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At Bangkok Chef, Thai food is for everyone. Nuuanu Restaurant Manoa Restaurant 1627 Nuuanu Ave Honolulu, HI 96817 2955 E. Manoa Rd ( (808) ) 585-8839 Honolulu, HI 96822 (808) 988-0212 Nimitz Restaurant 900 N. Nimitz Hwy #110 Honolulu, HI 96817

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Fill in the grid so that every row, every column, and every 3x3 box contains the digits 1 thru 9. Puzzles will become progressively more difficult through the week.

ACROSS 1 Trot or gallop 5 Home with a domed roof 10 Stylish 14 Earth Day sci. 15 Playground chute 16 Avatar of Vishnu 17 Four-to-midnight production overseer, say 20 Bill of Rights amendment count 21 “Les Misérables” author Victor 22 Parisian love 23 “What __ the odds?” 24 In liberal amounts 26 Dead battery hookup 31 Get hitched in a hurry 32 Without warning 37 Unload for cash 38 Colorado ski city 39 Secure in the harbor 40 Mind readers 42 Luxurious bedding material 43 Encased dagger 45 Popular restaurant fish 49 18-Down, on a sundial 50 Shoreline feature 51 Stare at impolitely 53 Time Warner “Superstation” 56 Dry runs, and a hint to the starts of 17-, 26- and 43-Across 60 Clumsy one 61 Mail for King Arthur 62 Wrinkle remover 63 MDs for otitis sufferers 64 With tongue in cheek 65 Maddens with reminders DOWN 1 Bothersome insect 2 Exercise woe 3 Nickel or dime

4 Tiny toymaker 5 Periodical publisher 6 Sound from a water cooler 7 Fat-reducing procedure, briefly 8 Poem of praise 9 “__ the ramparts ...” 10 Punishment’s partner 11 Is wearing 12 Poker concession 13 Have in stock 18 Midafternoon hour 19 __ parking 23 Winesap, e.g. 24 Most capable 25 Draw up a schedule for 26 Kid around 27 Oscar-nominated Peter Fonda role 28 “__ Flanders”: Defoe novel 29 Social divisions 30 Wolf pack leader 33 Muscat resident 34 “Surely you don’t mean me” 35 Hairdo 36 Seaside swooper 38 Contented sounds 41 Exams for sophs or jrs. 42 Winter Olympics entrant 44 Swank of “Amelia” 45 Move furtively 46 Scandalous newsmaker of 2001-’02 47 Alaskan native 48 Outplays 51 “Goodness gracious!” 52 Earth sci. 53 O’Hara homestead 54 Opinion website 55 IRS form entries 57 Inexperienced, as recruits 58 Go wrong 59 Moral wrong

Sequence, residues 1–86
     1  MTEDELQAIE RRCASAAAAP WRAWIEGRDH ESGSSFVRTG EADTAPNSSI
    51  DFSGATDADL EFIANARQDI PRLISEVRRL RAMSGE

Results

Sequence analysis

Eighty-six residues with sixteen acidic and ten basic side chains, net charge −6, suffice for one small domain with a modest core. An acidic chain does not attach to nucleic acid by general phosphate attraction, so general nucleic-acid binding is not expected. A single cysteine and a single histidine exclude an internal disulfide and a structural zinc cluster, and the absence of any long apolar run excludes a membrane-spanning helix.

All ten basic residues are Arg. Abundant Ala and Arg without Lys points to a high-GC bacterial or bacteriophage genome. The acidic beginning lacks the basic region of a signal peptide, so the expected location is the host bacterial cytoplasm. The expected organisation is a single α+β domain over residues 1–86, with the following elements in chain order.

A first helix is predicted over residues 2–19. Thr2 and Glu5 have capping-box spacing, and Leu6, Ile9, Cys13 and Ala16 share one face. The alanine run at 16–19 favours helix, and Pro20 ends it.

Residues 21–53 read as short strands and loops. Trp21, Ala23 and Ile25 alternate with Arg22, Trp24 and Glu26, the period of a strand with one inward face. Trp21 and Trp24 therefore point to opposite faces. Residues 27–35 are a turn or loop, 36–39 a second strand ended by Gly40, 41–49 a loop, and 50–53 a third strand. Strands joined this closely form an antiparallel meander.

Solutions, tips and computer program at Go to for this puzzle’s solution.







2445 Campus Road Hemenway Hall 107 808-956-7043



ONLINE | Marc Arakaki Editor| Joey Ramirez Associate

Page 11 | Ka Leo | Monday, Oct. 15 2012


UH baseball hosts Shanghai JOEY R AMIREZ Associate Sports Editor Although Hawai‘i’s season opener against Oregon is still four months away, Les Murakami Stadium will be opening its gates for fans to get an early preview of the 2013 University of Hawai‘i baseball team. For the first time in Mike Trapasso’s 11 years as head coach of the Rainbows, the team will be playing in a fall exhibition game as the ‘Bows are set to play host to the Shanghai Sports Institute of China. “When you go a whole month of fall practice and you just scrimmage against each other everyday, it can get old and it can get monotonous,” said Trapasso. “I just thought it would be a great opportunity to break that up, play somebody else [and] maybe even give our fans a chance to come in and see some of our new guys earlier than normal.”

A N U N K N OW N O P P O N E N T The ‘Bows are coming off a 30 -25 season, which included a

10 -8 mark in Western Athletic Conference play. Admission to the upcoming pair of exhibition games is free to all fans that want to see the dawn of the Big West era of UH baseball. “It’s a chance to come watch October baseball, which we don’t get in Hawai‘i very often,” said Trapasso. “Hopefully we’ll have great weather and it’s a chance to come out and see a team from China, which we don’t get a chance to see everyday.” While UH fans can look forward to getting to know more about this year’s squad, the Rainbows themselves know almost nothing when it comes to their opponent. “I know about as much as them [the fans],” said freshman second baseman Stephen Ventimilia. “I have no idea about anything.” “I don’t really know anything about the Shanghai Sports Institute,” Trapasso said. “That’s all I know: their name.”

N E W A N D O L D FAC E S As for the UH lineup, Trapas-